Where are they now: Furrh goes from field leader to medical team leader | Sports
Marshall roots run deep for Scott Furrh who will not soon forget his hometown.
His grandfather, Bobby Furrh, played running back with YA Tittle.
“He caught passes out of the backfield,” Furrh said. “My grandfather then played in North Texas. That’s where he met my grandmother.
In 1996, Furrh was the starting quarterback for the Mavericks in his senior season.
“Oh, I loved it,” he said when asked what it meant to him to continue the family tradition of dressing up for the Mavericks. “I was never really pushed into it. My parents just said, ‘If you play, have fun, do what you’re good at.’ It was great. My dad also played. He was also running back.
Furrh has many fond memories of his high school football days, on and off the field.
“We were pretty good,” he recalled of his senior season. “We went undefeated that year in district play for the regular season. We made it to the playoffs and lost the bi-district game to Lake Highlands. It was pretty much us and John Tyler every year, between the two of us.
When he looks back on his time as a quarterback for the Mavericks, Furrh said it’s the relationships that stand out the most for him.
“We had great staff and great guys I got to play with,” he said. “If you’re talking about a game, it would have to be the senior year of John Tyler’s game. It was a big problem between us for the district. They beat us 24-17 the year before at home, then we played them at Rose Stadium that year in 1996 and we beat them 24-17 at home that year. Good game.”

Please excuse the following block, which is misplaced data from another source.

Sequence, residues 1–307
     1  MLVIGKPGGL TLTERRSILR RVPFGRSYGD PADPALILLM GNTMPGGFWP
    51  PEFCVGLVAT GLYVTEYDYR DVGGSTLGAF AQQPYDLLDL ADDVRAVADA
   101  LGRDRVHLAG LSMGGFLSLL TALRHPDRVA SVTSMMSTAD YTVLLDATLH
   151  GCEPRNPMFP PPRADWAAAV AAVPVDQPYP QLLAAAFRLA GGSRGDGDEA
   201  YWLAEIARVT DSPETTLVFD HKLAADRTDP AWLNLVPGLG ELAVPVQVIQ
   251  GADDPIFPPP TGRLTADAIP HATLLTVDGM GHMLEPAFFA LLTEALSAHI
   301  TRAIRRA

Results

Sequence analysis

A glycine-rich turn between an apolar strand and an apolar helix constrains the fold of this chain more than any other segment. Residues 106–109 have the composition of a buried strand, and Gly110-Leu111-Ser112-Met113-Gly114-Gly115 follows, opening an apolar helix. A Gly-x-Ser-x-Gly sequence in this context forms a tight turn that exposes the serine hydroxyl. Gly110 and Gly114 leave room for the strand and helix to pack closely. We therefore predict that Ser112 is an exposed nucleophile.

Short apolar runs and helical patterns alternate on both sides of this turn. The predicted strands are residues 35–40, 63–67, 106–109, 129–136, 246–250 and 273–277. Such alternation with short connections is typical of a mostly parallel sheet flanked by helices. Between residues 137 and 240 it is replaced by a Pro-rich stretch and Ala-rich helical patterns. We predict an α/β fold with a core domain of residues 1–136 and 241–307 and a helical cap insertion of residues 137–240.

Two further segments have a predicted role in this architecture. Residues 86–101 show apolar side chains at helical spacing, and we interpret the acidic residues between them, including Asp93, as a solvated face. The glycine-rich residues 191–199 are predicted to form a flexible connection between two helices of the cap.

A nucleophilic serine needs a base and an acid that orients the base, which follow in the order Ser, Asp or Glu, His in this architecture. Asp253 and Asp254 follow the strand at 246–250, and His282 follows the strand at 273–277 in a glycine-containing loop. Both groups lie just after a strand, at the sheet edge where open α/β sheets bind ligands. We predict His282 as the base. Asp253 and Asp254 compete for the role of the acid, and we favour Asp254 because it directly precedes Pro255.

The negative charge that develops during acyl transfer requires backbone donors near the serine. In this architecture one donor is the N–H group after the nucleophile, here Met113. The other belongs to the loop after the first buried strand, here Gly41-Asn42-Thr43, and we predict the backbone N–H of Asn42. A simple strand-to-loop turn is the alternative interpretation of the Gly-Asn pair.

Furrh said playing football in high school helped prepare him for life after high school.
“Like I said, just the relationships and the teamwork that really carried over into the professional realm,” he said. “I currently work at Arkansas Children’s Hospital and am one of the assistant ECMO coordinators. Being in a leadership role in a workplace is kind of like being the quarterback and as the quarterback you have to lead the team and everything.
After graduating from Marshall High School in 1997, Furrh attended the University of Arkansas.
“I originally played ball at the University of Arkansas at Monticello,” he said. “I did this for two years. I started out as a proper freshman and then got injured about four games into the season. I kind of kicked myself after that. I was the kicker and the punter. There’s not as much glory in that. I went home and ended up going to Tyler Junior College and graduating there.
Furrh, who works as a respiratory therapist, said the medical field is something that has always interested him and added that if someone had told him when he was in high school that he would choose the career path he has. chosen, he said, “I wouldn’t have been too surprised. My mother has a medical background. I was kind of pushing towards that. Initially, after graduating, I wanted to be a nurse. I wish I had stuck with that, but I didn’t. It has always interested me. »
The former Marshall quarterback said he follows the Mavericks and nothing compares to the Friday night lights in the Lone Star State.
“I’m here in Arkansas and there’s nothing like high school football in Texas,” he said. “I have boys of my own and would really like them to experience the Friday night lights in Texas.”